Sylvan Lake council hopes to repair relationship with Wildrose MLA
Sylvan Lake town council will meet today with local Wildrose MLA Kerry Towle to fix their souring relationship.
In an unusual move that suggests how deep the divide has become, a moderator has been recruited to referee the luncheon get-together to improve communications.
“I think the reason to go to a moderator is because we’re starting to have a pattern in how the MLA handles the affairs of our community,” said Mayor Susan Samson. “And we need to break that pattern. (It) doesn’t work for us.”
Relations between the town and its MLA have been rocky for months.
In August, the town went as far as to post an open letter to local residents on its website criticizing Towle for not communicating with the municipality.
The letter followed a Wildrose-organized meeting that drew 500 people on the contentious intersection at Secondary Hwy 781 and Hwy 11.
Towle irked town council by questioning why it wasn’t there and suggested they weren’t listening to the needs of the community.
A raucous meeting in the town on Wednesday seemed to further exacerbate relations between municipal officials and their local Opposition MLA.
The meet and greet was advertised as an opportunity for residents to get some face time with Deputy Premier Thomas Lukaszuk to discuss local issues such as the need for an urgent care centre and highway access improvements.
However, a vocal contingent, travelling from as far as Camrose, showed up to debate property rights.
Samson decried the gathering as an opportunity lost.
She knows of a resident who wanted to discuss the care an elderly parent was receiving in a seniors home, but could not.
“The deputy premier was not able to address that because the meeting, the style of the meeting and the intent of the meeting ,was changed through the actions of our MLA working in collaboration with Joe Anglin (Wildrose MLA for Rimbey-Rocky Mountain House-Sundre).
“That’s not how we do business, what happened last night.”
Towle takes issue with the suggestion that she changed the meeting into something the town didn’t intend.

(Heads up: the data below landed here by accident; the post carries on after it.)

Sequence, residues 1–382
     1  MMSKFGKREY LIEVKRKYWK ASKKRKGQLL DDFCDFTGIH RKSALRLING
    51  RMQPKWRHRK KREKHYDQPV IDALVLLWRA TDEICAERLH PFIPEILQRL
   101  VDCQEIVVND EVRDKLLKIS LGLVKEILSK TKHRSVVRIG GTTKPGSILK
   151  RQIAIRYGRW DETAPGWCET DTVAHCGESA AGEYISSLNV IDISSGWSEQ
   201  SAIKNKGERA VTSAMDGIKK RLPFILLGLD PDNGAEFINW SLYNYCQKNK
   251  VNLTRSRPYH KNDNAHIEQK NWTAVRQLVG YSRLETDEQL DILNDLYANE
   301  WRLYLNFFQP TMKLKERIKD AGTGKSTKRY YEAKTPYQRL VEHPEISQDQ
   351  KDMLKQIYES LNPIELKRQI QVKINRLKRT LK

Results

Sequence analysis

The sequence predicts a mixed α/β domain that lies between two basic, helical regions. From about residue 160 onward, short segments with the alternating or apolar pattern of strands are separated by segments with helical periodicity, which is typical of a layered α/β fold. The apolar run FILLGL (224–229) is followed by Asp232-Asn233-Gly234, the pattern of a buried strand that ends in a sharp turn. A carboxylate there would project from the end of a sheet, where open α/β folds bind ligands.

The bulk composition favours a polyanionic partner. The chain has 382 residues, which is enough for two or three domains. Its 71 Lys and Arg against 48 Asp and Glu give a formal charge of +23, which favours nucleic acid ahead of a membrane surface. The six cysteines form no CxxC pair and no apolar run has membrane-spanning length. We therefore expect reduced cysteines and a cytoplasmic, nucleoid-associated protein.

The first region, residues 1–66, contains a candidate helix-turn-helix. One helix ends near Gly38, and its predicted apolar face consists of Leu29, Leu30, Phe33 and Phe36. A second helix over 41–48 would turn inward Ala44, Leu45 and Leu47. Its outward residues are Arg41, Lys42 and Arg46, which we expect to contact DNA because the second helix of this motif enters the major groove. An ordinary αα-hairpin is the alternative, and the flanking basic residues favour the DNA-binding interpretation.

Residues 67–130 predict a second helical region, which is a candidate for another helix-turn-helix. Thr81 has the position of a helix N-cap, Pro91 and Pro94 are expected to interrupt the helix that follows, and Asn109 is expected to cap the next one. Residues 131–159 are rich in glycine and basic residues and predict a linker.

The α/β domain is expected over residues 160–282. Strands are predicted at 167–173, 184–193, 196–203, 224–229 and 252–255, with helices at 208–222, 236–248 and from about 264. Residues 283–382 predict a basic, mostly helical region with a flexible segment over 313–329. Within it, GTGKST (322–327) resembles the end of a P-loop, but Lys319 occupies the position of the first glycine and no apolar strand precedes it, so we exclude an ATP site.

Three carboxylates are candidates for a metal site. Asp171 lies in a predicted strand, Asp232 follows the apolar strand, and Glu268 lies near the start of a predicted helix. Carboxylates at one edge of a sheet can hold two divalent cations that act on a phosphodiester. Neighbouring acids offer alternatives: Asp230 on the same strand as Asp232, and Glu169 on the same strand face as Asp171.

“I didn’t change anything about the meeting. It was not my meeting. The only thing I did was to ask residents to come out and attend.”
Dissatisfaction with the format of the meeting came from some of those attending and asked the deputy premier to change the style of the meeting, which he did, she added.
“The fact that the people changed the outcome of the meeting (Wednesday) night, that had nothing to do with me,” Towle said.
“I didn’t organize anybody at the meeting to do anything.
“There were some land surface rights people who were there who were pretty vocal, but it was an open meeting.”
Towle feels the mayor’s criticism of her “pattern” for handling local issues is a “bit unfair.
“The residents of Sylvan Lake are coming to me because they’re saying they’ve never had a voice before,” she said.
“They are calling me consistently and asking me to take their voice to the provincial level, which is what I’m doing.
“Unfortunately, that’s at odds with how it’s been done before — I understand that. And it’s also created some friction, apparently, between council and I.”
Towle sees no need for a mediator or moderator, but is happy to go that route if it helps relations with the town.
Despite their differences, Towle is confident a good working relationship can be formed.
“We’re all here for the residents of this riding and Sylvan Lake. I think both parties absolutely want to figure out a way where both sides have to be able to do their job.”
While she is happy to work with the town, she won’t stop speaking up for residents, she said.
Bob Clark, a former Alberta Ethics Commissioner and Social Credit Party leader, has volunteered to moderate the lunch-hour meet with council and the town’s chief administrative officer at no charge.